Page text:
Success was eventually achieved with the autumn-flowering Chinese elm Ulmus parvifolia by the late Prof. Eugene Smalley towards the end of his career at the University of Wisconsin–Madison after he overcame the problem of keeping Chinese elm pollen alive until spring. Only one of the hybrid clones was commercially released, as 'Rebella' in 2011 by the German nursery Eisele GmbH; the clone is not available in the United States.
Other artificial hybridizations with American elm are rare, and now regarded with suspicion. Two such alleged successes by the nursery trade were 'Hamburg', and 'Kansas Hybrid', both with Siberian elm Ulmus pumila. However, given the repeated failure with the two species by research institutions, it is now believed that the "American elm" in question was more likely to have been the red elm, Ulmus rubra.
The American elm's wood is coarse, hard, and tough, with interlacing, contorted fibers that make it difficult to split or chop, and cause it to warp after sawing. Accordingly, the wood originally had few uses, save for making hubs for wagon wheels. Later, with the advent of mechanical sawing, American elm wood was used for barrel staves, trunk-slats, and hoop-poles, and subsequently became fundamental to the manufacture of wooden automobile bodies, with the intricate fibers holding screws unusually well.
Pioneer and traditional uses
Young twigs and branchlets of the American elm have tough, fibrous bark that has been used as a tying and binding material, even for rope swings for children, and also for making whips.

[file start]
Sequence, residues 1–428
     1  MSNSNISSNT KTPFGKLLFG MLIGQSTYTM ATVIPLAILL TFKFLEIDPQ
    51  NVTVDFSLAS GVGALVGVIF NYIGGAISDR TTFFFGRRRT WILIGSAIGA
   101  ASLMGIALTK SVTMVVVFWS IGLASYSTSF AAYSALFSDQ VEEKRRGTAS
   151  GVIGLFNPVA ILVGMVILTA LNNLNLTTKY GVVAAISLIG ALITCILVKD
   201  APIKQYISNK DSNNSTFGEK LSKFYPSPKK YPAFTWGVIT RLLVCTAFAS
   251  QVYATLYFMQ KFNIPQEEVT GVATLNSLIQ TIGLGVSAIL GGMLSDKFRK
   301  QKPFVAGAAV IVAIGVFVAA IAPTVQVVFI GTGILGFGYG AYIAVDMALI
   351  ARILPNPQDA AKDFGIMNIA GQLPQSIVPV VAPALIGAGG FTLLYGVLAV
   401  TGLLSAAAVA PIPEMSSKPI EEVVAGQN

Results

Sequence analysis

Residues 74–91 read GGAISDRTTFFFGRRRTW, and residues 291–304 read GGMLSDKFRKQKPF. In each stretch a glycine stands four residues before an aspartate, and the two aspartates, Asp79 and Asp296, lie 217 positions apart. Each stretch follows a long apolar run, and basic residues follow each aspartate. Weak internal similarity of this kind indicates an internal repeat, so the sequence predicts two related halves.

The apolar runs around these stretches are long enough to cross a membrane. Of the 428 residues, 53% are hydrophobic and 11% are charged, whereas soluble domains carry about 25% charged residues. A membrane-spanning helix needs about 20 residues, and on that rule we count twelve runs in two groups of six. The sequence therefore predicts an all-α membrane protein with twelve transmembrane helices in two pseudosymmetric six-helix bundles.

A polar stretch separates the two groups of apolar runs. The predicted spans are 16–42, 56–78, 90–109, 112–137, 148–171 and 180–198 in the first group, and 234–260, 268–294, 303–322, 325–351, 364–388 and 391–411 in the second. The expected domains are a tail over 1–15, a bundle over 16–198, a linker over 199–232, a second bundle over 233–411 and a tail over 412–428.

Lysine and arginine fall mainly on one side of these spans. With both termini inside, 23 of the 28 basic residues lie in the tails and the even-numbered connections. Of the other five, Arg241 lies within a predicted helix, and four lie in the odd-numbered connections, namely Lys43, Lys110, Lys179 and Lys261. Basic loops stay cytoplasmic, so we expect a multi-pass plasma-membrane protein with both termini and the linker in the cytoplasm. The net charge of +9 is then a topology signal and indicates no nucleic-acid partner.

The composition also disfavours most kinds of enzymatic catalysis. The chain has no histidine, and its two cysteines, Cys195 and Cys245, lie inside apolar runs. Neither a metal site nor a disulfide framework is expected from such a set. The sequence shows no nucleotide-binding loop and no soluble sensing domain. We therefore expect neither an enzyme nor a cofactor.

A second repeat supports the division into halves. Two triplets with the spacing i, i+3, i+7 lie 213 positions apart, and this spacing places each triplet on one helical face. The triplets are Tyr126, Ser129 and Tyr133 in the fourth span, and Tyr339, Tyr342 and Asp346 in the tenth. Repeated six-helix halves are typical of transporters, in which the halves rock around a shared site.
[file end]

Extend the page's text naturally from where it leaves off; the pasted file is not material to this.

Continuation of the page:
A number of mostly small to medium-sized American elms now survive in woodlands, suburban areas, and occasionally cities, where the survivors have often been relatively isolated from other elms and thus spared a severe exposure to the fungus. For example, in Central Park and Tompkins Square Park in New York City, stands of several large elms originally planted by Frederick Law Olmsted survive because of their isolation from neighboring areas in New York where there had been heavy mortality. The Olmsted-designed park system in Buffalo, NY did not fare as well.
A row of mature American elms lines Central Park along the entire length of Fifth Avenue from 59th to 110th Streets. In Akron, Ohio there is a very old elm tree that has not been infected. In historical areas of Philadelphia, Pennsylvania, there are also a few mature American elms still standing — notably in Independence Square and the Quadrangle at the University of Pennsylvania, and also at the nearby campuses of Haverford College, Swarthmore College, and Pennsylvania State University, believed to be the largest remaining stand in the country.
There are several large American Elm trees in western Massachusetts. A large specimen, which stands on Summer Street in the Berkshire County town of Lanesborough, Massachusetts, has been kept alive by antifungal treatments. Rutgers University has preserved 55 mature elms on and in the vicinity of Voorhees Mall on the College Avenue Campus in New Brunswick, New Jersey in addition to seven disease-resistant trees that have been planted in this area of the campus in recent years.
The largest surviving urban forest of American elms in North America is believed to be in the city of Winnipeg, Manitoba, Canada, where close to 200,000 elms remain. The city of Winnipeg spends $3M annually to aggressively combat the disease utilizing Dursban Turf and the Dutch Trig vaccine, losing 1500–4000 trees per year.